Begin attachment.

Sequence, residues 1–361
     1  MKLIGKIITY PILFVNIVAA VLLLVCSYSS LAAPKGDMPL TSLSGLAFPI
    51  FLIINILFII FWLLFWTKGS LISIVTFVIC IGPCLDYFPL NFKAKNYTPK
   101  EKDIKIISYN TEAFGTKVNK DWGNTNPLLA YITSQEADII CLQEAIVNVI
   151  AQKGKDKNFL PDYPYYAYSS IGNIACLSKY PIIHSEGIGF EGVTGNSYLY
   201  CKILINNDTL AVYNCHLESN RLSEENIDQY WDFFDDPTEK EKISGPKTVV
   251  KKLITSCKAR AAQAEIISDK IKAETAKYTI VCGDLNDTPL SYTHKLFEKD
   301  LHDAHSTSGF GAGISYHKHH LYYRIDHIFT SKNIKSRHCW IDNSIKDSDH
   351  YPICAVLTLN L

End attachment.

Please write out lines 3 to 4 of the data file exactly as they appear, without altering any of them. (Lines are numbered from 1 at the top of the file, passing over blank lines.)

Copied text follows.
    51  FLIINILFII FWLLFWTKGS LISIVTFVIC IGPCLDYFPL NFKAKNYTPK
   101  EKDIKIISYN TEAFGTKVNK DWGNTNPLLA YITSQEADII CLQEAIVNVI